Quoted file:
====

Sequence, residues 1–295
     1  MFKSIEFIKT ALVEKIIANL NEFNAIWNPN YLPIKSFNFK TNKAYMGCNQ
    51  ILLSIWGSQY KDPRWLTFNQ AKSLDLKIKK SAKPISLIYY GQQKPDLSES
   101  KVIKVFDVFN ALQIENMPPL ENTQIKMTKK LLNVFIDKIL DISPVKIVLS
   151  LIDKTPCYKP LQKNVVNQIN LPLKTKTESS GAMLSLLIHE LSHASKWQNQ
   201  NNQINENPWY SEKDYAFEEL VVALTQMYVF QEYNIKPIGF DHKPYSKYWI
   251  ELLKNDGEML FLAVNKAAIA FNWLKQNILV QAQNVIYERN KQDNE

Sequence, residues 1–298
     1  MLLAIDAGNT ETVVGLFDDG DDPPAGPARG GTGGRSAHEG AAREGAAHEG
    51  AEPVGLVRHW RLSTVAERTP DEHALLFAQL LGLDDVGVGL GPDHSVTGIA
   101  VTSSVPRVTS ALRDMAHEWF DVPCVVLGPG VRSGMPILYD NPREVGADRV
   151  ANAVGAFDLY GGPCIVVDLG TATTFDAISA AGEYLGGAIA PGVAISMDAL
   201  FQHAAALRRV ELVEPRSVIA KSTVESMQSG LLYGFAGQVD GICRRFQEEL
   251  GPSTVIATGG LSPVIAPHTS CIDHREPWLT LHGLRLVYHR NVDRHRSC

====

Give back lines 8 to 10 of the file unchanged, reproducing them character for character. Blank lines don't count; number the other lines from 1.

Sequence, residues 1–298
     1  MLLAIDAGNT ETVVGLFDDG DDPPAGPARG GTGGRSAHEG AAREGAAHEG
    51  AEPVGLVRHW RLSTVAERTP DEHALLFAQL LGLDDVGVGL GPDHSVTGIA